May 15, 2014

Escrow, Tax, Insurance & Other Disputes Preceding A Bankruptcy Filing

One of the best ways to fight off a foreclosure is to stop it before it’s ever filed.
Foreclosure filings are initiated for non-payment of the mortgage. But the reasons gavelbehind the default are varied. It’s not always a matter of an inability to pay. In some cases, the foreclosure proceeding is initiated following disputes over escrow, property taxes, force-placed insurance or even homeowner association disagreements.
Our Miami foreclosure defense lawyers recognize that addressing these issues promptly and properly can prevent a case from reaching the foreclosure stage. The recent case of JPMorgan Chase Bank v. Skoda, reviewed by the North Dakota Supreme Court, illustrates the point.
Here, according to court records, the dispute arose shortly after the mortgage was re-assigned from one lender to another, the latter being JPMorgan Chase. That mortgage included several provisions for payment of principal, interest and payment in escrow for property taxes.
However, the homeowner continued to make payments as he had to the previous lender. Those payments were light roughly $170 a month in escrow for the property taxes, as had been stipulated under the mortgage provision. But the reason the homeowner didn’t pay was because he had already paid his property taxes on his own.
Despite this fact, the bank refused to accept the borrower’s reduced payments. Soon after, the bank issued notices of intent to foreclose on the property on the basis that the homeowner had defaulted on the promissory note by failing to pay the full monthly installments due under the mortgage provisions.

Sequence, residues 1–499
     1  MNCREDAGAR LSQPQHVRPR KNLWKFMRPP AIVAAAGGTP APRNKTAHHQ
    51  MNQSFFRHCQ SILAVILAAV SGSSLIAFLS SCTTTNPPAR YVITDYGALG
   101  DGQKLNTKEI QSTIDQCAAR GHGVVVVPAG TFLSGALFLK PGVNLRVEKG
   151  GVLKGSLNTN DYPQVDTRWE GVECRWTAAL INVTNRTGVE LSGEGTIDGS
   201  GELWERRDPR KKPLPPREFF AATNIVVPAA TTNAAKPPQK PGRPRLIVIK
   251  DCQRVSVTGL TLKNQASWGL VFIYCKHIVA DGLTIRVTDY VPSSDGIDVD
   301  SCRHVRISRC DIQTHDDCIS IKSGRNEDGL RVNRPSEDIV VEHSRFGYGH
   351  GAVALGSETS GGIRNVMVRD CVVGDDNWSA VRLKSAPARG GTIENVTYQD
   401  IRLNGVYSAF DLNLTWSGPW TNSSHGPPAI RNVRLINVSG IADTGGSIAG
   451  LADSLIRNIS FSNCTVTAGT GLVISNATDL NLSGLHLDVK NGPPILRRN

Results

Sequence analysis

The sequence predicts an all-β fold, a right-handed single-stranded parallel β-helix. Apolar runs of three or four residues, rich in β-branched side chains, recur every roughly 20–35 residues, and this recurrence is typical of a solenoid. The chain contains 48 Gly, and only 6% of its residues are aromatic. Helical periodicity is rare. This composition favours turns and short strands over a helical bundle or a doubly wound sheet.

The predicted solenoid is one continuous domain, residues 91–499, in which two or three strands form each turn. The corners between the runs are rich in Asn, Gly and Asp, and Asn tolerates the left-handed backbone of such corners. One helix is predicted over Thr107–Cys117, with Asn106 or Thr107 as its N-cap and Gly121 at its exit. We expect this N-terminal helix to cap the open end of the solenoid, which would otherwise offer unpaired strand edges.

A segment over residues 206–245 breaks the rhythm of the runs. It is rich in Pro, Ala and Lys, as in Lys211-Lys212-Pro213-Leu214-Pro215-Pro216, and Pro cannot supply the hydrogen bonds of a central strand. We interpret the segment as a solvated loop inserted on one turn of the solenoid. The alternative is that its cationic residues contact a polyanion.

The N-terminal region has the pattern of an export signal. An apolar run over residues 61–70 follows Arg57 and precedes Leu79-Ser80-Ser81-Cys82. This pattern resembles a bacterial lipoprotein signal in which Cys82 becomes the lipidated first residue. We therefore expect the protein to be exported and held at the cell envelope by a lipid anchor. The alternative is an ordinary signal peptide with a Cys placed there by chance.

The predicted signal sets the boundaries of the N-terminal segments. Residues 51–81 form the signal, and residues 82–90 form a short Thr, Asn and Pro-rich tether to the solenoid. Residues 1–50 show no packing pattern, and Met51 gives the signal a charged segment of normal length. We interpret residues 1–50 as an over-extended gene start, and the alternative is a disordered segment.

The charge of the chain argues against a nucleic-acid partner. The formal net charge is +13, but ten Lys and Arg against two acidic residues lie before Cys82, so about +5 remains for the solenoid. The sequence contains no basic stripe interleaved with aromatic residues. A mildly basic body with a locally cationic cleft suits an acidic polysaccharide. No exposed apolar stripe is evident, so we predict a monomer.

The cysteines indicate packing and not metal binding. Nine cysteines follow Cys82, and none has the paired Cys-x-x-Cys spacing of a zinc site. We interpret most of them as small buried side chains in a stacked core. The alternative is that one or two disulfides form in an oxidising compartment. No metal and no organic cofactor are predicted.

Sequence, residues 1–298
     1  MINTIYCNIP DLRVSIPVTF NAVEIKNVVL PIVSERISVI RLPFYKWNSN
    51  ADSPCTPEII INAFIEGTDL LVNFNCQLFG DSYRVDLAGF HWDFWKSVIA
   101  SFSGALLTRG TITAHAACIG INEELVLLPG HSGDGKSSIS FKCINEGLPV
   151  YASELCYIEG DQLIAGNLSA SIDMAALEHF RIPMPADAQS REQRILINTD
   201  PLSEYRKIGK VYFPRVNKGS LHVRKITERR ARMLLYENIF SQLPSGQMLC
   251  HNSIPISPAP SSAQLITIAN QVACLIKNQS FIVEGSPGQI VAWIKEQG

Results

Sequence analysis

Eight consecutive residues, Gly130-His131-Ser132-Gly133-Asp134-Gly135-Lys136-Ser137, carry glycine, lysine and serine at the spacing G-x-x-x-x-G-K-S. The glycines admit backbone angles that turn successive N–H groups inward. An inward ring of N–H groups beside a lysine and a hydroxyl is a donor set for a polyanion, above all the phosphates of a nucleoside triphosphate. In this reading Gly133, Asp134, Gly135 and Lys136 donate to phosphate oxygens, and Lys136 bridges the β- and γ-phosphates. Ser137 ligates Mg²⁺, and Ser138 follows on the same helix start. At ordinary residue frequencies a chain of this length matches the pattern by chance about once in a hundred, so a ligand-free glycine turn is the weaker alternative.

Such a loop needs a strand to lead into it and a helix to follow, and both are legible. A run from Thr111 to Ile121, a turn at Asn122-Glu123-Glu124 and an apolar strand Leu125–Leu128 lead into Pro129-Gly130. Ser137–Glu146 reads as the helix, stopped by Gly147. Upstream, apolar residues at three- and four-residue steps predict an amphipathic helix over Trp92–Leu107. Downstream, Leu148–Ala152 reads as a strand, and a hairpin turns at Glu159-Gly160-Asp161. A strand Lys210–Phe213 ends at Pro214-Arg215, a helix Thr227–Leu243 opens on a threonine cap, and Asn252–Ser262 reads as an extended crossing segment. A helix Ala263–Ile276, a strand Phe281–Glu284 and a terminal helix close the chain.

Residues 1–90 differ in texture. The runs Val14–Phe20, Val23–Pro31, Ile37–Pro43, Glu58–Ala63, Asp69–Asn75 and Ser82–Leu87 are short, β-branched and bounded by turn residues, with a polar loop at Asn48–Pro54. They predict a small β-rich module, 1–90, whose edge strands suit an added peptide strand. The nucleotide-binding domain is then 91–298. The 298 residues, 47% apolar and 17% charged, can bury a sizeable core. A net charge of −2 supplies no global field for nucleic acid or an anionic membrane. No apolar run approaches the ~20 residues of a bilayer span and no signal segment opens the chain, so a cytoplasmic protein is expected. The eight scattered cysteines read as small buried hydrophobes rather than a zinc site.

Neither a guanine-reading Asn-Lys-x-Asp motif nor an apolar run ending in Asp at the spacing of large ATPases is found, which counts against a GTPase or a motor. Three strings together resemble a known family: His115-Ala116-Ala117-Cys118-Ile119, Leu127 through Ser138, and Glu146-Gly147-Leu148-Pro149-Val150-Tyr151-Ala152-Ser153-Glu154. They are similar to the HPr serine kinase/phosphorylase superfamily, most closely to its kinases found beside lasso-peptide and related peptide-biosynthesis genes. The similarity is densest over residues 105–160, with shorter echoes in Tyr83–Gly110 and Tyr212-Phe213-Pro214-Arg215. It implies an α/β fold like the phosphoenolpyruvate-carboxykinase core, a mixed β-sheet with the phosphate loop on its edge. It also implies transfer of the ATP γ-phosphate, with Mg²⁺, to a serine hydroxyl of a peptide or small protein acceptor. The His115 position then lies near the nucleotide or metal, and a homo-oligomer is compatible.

There was some back-and-forth between the two parties in court, but in the end, the homeowner failed to formally deny the bank’s claim or raise any issue of genuine fact that would prevent the summary judgment from being entered in the bank’s favor. This was despite being granted an extension to do so. For this reason, the court granted the bank the summary judgment it requested, effectively foreclosing on the home.
The homeowner appealed, arguing the grant of summary judgment was improper because of material facts in the case. Specifically, he contended that the bank had no right to collect escrow for the property tax because the previous mortgage holder had waived that right and he had paid the taxes directly. He sent full principle and interest payments, and therefore, he argued, the bank had no right to request a foreclosure.
He further alleged that the bank had violated the Fair Credit Reporting Act because it had reported him to the credit bureaus as having a delinquent payment history, despite the fact that it was the bank’s decision to stop accepting his payments.
However, in reviewing the claim, the state supreme court found no reversible error. The homeowner didn’t formally dispute the bank’s claims, giving him little recourse to appeal the issue. Further, with regard to his claim of FCRA violations, the homeowner didn’t provide any evidence that the bank had reported him as having a delinquent payment history. It may very well have been true, but the homeowner had failed to assert his rights to prove it in court.
This case shows how a very simple legal matter snowballed into a foreclosure that cost a homeowner his property because he failed to seek experienced legal advice in a timely fashion.
For more information on fighting a Miami foreclosure, contact The Neustein Law Group PA at (305) 531-2525.